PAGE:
Midfielder Paul Pogba has dedicated France’s World Cup semi-final win over Belgium to the young footballers rescued from flooded caves after an 18-day ordeal in Thailand.
Samuel Umtiti’s second-half goal in St Petersburg was enough to get Les Bleus past Roberto Martinez’s Red Devils and into Sunday’s Moscow final against either England or Croatia.
The players were quick to express their emotion at the result on social media after the full-time whistle.
Pogba posted a picture on Instagram of the 12 boys, aged between 11 and 17, who entered the Tham Luang cave system in Chiang Rai province with their 25-year-old coach on June 23 and became trapped when heavy rain cut off their way out.
He wrote alongside it: “This victory goes to the heroes of the day, well done boys, you are so strong #thaicaverescue #chiangrai”
The Manchester United man also indicated there was still work to do for Didier Deschamps’ side in Russia, saying of Tuesday night’s victory: “It’s great but it’s not finished.”
Forward Kylian Mbappe posted some action pictures from the match and said “WHAT A DREAM”.
Defender Raphael Varane simply posted a picture of himself celebrating alongside the words: “En finale.”
Fellow defender Lucas Hernandez was similarly joyous, saying simply: “Direction … LA FINALLLLLLLEEE !!”
Former England striker Chris Sutton, working as a World Cup pundit, accused Belgium of “bottling” it on the big stage and stuck the knife into goalkeeper Thibaut Courtois, who had suggested England counterpart Jordan Pickford was too short to be a great keeper.
He wrote on Twitter: “France deserved it … Varane and Umtiti outstanding defenders, Mbappe the star of the World Cu, Belgium bottled it once again in a big tournament… big guy Courthois beaten at his near post… I think little Pickford would have saved it…”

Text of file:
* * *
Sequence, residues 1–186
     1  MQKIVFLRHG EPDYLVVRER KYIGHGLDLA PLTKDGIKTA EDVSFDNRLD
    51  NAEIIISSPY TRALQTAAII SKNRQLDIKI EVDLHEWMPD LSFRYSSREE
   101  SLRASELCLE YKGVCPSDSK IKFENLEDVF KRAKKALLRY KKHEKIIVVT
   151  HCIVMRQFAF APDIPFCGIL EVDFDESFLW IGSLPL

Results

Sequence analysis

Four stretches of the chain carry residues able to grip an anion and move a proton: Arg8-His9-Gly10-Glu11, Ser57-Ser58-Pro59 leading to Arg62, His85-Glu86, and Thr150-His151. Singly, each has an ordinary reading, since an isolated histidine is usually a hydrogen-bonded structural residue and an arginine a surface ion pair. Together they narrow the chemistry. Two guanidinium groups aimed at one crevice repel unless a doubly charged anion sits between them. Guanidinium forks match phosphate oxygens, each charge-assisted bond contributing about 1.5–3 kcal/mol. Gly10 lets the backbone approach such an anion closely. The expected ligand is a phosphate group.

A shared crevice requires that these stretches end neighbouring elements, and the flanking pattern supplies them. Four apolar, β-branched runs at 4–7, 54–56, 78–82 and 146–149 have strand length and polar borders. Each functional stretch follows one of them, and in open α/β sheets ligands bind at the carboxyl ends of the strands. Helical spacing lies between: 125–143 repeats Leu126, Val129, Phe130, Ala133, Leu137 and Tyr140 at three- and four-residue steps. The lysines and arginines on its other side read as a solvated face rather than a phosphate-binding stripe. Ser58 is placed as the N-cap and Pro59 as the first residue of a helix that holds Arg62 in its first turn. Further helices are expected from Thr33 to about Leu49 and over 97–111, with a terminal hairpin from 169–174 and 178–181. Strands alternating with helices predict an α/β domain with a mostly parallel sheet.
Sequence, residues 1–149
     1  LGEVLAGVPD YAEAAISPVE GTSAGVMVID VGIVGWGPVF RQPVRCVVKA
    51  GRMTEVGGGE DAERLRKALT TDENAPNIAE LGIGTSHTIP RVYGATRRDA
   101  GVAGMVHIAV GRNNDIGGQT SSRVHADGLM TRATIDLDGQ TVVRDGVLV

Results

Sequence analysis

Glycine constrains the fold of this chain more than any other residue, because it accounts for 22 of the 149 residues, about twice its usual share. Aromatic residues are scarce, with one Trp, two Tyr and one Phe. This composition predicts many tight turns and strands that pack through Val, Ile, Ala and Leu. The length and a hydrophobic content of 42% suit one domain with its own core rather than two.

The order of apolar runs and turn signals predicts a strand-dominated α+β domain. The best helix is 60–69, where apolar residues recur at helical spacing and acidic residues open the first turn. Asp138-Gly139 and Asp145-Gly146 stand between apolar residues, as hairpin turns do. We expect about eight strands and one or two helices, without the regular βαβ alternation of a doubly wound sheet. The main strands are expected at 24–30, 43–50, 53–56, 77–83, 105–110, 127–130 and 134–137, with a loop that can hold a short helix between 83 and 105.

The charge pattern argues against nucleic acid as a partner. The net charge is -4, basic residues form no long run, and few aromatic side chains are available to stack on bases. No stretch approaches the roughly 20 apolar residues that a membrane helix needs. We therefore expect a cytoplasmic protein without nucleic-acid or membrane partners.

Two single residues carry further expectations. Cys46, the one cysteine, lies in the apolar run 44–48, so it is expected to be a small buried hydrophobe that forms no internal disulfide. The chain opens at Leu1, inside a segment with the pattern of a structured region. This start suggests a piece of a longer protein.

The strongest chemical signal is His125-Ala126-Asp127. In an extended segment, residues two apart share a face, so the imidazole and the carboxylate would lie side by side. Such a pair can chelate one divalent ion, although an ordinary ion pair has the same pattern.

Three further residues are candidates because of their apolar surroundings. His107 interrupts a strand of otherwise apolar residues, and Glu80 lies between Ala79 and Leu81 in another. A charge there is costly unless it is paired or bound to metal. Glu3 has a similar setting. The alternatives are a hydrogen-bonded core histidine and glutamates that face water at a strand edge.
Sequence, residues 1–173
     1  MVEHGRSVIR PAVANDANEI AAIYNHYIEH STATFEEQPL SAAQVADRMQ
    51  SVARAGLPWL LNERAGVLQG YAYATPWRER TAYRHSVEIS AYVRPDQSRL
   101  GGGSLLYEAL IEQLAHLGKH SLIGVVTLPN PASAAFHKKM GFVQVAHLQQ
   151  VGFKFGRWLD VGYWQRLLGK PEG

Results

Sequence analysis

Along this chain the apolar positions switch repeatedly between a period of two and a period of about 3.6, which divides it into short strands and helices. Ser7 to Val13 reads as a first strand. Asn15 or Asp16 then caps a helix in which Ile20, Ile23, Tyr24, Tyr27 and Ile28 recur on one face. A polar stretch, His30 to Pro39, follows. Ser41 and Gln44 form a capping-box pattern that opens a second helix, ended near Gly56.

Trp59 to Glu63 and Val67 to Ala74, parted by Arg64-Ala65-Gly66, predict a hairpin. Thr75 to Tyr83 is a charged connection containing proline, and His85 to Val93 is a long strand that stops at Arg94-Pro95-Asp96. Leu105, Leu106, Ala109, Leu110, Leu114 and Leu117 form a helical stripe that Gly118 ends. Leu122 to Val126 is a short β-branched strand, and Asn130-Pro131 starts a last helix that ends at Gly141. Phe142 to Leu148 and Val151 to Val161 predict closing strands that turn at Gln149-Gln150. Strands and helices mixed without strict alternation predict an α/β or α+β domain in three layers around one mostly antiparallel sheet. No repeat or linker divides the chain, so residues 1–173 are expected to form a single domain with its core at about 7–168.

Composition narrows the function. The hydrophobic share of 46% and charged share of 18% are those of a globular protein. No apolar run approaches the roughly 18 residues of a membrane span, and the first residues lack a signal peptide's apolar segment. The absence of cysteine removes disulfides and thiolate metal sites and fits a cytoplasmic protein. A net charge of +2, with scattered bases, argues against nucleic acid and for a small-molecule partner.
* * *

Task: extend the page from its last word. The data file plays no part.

Belgium defender Thomas Meunier gave credit to France and turned his attention to Saturday’s play-off clash. His tweet read: “Hats off to @equipedefrance for qualification. Go to the end now! As for us, we still have a game! Write the history of Belgian football with a magnificent 3rd place! Saturday will be #REDTOGETHER!”
Alex Witsel is also keen for Roberto Martinez’s side to claim third place and the midfielder paid tribute to supporters who made the trip, sentiments echoed by winger Yannick Carrasco and striker Michy Batshuayi.
Jordan Henderson is desperate to extend his record-breaking unbeaten run and help England reach the World Cup final.
Gareth Southgate’s men have ripped up the script over a remarkable a month that now sees them preparing for a semi-final clash against Croatia.
It has seen widespread apathy towards the Three Lions replaced by excitement and renewed hope, with previously unheralded players stepping up and better-known names underlining their quality and in some cases changing perceptions.
Henderson is among those to have quietened the doubters this summer, with the Liverpool captain shining in a side that is now preparing to line up at the Luzhniki Stadium on Wednesday.
“It’s a special feeling to know that people back home and out here in Russia are enjoying the experience just as much as we are,” the midfielder said on the eve of the game.
“All the celebrations and the songs they’re singing back home, it inspires us as players to be able to sort of bring the nation together and put smiles on people’s faces.
“I think that’s the biggest thing so far to come out of it and we just want to continue doing everybody proud.”
There is no doubt that pride has been restored regardless of the outcome on Wednesday, when Henderson’s selection is a good omen.
The 28-year-old has not tasted defeat in an England shirt since the last World Cup four years ago, going on a 30-match unbeaten run that is the longest of any player in the country’s history.
“Someone mentioned it the other day to us,” Henderson said with a smile. “But, to be honest, I wouldn’t really look too much into it because I don’t win on my own. We win as a team.